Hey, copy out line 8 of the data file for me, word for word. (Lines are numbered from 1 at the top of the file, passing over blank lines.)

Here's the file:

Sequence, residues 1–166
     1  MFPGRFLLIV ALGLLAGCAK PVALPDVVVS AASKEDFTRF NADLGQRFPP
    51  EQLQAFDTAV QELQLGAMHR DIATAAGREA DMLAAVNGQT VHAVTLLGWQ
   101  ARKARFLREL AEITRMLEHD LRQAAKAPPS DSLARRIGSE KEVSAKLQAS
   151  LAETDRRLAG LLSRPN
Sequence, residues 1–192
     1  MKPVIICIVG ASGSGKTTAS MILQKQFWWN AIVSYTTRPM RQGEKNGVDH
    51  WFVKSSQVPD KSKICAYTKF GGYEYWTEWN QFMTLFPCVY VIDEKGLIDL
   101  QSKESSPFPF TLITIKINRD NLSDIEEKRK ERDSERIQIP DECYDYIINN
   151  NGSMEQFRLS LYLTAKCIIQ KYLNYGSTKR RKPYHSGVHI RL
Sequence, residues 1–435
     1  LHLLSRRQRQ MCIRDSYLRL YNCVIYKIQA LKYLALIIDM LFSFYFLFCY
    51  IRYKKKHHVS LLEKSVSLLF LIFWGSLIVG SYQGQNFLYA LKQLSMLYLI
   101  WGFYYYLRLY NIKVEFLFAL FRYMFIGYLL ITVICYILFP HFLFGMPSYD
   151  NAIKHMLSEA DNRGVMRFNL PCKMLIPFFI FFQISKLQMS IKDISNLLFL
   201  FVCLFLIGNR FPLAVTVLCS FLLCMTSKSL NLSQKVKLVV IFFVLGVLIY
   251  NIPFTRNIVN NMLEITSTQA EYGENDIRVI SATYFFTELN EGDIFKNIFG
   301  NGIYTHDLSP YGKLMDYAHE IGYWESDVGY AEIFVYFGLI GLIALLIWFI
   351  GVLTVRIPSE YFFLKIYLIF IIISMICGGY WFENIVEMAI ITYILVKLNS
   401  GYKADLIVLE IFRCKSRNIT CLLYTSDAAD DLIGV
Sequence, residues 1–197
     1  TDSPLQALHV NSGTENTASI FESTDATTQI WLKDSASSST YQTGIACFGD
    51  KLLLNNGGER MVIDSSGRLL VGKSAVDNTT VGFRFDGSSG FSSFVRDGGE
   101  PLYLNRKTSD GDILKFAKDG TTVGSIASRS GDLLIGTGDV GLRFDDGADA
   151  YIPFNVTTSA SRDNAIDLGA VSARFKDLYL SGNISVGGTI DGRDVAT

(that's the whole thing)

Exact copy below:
    51  WFVKSSQVPD KSKICAYTKF GGYEYWTEWN QFMTLFPCVY VIDEKGLIDL